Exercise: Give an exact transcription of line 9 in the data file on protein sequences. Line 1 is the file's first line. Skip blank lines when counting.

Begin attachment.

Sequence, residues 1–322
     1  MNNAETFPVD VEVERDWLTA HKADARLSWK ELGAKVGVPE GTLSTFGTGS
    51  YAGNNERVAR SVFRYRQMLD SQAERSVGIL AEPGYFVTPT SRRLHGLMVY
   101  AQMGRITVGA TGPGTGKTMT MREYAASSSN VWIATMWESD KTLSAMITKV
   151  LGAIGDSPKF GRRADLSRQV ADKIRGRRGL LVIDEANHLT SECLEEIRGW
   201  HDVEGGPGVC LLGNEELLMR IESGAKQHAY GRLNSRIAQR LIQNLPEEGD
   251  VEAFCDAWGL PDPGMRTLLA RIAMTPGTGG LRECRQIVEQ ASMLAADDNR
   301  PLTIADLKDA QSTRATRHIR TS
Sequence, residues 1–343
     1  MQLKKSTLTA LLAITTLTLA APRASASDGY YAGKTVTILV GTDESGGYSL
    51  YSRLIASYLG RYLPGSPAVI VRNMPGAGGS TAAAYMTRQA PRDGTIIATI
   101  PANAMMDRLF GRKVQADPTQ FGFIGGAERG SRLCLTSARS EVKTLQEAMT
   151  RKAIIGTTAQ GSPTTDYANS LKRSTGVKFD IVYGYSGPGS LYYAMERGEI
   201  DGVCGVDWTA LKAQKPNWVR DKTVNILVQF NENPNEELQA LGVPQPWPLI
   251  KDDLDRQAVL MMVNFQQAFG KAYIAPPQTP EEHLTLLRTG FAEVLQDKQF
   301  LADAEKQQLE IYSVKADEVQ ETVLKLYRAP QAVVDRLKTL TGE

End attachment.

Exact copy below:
Sequence, residues 1–343